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Let $x$ be a R.V. that is normally distributed with mean 0 (for simplicity we can even assume its a standard normal).

Let $F$ be a monotonic function such that $F(0)=0$

Does it follow that y=F(x) is also normally distributed? Does it even follow that if we graphed the pdf of y, the peak would be at 0.

I would think so...

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Not me... $ $ $ $ – Did May 24 '12 at 20:59
Not necessarily normal. Actually, hardly ever normal. – André Nicolas May 24 '12 at 20:59
Take $F(x)=0$ identically – Student May 24 '12 at 21:00
up vote 1 down vote accepted

By altering $F$, $Y=F(X)$ can have any distribution you like so long as the (or at least a) median of $Y$ is $0$.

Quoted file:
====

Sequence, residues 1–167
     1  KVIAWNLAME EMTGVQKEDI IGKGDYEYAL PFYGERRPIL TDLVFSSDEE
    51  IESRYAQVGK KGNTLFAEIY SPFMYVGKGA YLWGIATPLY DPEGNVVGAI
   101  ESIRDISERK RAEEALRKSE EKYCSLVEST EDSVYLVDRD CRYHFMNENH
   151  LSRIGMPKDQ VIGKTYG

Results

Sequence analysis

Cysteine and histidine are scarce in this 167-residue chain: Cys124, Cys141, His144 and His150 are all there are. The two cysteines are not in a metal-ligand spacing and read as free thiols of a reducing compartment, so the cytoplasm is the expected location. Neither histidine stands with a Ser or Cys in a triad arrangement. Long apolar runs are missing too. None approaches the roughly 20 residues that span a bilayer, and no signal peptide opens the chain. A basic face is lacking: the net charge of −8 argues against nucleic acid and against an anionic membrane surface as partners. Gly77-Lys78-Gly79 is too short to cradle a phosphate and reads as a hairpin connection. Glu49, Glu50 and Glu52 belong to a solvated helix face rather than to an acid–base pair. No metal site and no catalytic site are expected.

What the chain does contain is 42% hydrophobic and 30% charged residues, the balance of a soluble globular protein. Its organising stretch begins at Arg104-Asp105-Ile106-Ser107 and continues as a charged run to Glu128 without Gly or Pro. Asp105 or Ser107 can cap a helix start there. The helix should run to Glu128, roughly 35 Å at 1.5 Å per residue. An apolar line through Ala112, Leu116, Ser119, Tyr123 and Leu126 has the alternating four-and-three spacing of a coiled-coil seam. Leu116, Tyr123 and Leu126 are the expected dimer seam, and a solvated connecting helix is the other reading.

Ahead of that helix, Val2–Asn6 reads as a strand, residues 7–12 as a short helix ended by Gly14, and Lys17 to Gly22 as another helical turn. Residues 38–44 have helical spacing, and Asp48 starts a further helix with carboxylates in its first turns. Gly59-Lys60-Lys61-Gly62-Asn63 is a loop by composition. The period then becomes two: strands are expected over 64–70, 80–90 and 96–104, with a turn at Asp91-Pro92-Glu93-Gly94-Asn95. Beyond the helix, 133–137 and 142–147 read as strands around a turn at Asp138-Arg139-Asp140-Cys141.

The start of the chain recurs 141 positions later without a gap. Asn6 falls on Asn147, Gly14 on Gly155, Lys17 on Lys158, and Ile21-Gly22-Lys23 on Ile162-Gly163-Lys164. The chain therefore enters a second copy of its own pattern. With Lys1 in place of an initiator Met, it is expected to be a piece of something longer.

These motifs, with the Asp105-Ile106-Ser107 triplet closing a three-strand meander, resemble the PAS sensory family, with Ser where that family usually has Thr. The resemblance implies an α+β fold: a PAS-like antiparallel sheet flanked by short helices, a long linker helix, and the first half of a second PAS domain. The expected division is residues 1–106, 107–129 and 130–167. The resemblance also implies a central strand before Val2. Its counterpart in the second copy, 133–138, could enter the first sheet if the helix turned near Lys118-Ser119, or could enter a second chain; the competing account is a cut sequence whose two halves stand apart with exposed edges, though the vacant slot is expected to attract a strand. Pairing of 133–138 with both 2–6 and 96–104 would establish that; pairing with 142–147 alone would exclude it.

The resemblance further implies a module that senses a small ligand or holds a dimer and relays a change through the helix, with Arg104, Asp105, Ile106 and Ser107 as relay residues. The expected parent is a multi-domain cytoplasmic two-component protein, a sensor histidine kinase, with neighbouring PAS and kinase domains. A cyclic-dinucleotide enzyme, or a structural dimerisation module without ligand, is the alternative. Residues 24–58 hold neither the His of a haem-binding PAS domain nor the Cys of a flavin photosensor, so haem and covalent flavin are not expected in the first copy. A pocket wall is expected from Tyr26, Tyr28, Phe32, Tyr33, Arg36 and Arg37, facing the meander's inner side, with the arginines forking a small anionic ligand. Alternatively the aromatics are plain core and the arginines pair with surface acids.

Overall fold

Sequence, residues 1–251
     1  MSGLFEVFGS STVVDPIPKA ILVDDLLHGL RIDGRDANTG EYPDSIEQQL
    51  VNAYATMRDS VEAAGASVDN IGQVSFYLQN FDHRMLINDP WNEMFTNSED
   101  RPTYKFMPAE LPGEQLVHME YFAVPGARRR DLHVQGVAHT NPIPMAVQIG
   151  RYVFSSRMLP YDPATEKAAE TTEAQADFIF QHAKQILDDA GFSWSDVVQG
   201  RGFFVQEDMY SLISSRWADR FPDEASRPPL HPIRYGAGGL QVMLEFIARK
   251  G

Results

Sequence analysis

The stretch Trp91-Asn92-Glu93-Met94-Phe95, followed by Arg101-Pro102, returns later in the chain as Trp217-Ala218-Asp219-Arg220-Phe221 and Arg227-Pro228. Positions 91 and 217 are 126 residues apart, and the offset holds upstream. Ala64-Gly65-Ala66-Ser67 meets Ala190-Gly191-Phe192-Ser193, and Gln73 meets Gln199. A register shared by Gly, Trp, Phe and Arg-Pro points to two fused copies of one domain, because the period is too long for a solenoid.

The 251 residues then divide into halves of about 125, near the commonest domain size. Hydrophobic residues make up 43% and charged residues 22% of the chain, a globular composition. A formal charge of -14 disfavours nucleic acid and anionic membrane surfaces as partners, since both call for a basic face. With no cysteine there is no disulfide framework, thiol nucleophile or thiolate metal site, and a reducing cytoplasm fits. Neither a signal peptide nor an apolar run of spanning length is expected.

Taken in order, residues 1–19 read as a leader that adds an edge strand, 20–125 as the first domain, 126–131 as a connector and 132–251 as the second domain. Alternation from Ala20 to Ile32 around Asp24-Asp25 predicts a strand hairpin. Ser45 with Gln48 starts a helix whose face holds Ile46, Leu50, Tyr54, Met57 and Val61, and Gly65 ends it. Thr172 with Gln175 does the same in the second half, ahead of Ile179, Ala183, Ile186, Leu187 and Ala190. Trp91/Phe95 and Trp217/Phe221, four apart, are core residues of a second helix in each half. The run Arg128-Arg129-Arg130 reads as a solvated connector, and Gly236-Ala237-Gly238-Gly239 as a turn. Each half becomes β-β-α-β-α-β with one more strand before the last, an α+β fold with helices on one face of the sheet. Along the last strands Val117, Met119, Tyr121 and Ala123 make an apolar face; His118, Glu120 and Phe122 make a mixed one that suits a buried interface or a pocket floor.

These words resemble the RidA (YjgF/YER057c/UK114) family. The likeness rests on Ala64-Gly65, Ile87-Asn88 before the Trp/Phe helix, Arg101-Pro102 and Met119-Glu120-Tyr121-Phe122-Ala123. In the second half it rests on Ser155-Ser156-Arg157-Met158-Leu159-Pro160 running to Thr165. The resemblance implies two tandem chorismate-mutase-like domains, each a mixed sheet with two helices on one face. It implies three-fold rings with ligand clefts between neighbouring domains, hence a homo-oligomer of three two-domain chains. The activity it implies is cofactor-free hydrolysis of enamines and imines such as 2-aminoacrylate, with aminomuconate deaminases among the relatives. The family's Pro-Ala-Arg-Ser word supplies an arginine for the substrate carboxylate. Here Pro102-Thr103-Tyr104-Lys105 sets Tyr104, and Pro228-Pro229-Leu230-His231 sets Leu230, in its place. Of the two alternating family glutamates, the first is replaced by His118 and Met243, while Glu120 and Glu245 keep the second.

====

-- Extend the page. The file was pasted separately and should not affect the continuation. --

So it can have a normal distribution (and will be if $F(x)=kx$ for some non-zero $k$), but can be any other shape.

The peak(s) can also be anywhere. Take for example $F(x) = 4k(\Phi (x))^2 -k$ where $\Phi(x)$ is the cumulative distribution function of a standard normal so $\Phi(0)=\frac12$ and $F(0)=0$. $Y=F(X)$ will have a mode of $-k$.

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How do we know that about the mode? – David May 24 '12 at 22:57
@David: In my example, $Y$ would have a density of $\dfrac{1}{\sqrt{|16k(y+k)|}}$ between $y=-k$ and $y=3k$, so with an arbitrarily high density near $y=-k$. – Henry May 25 '12 at 7:13

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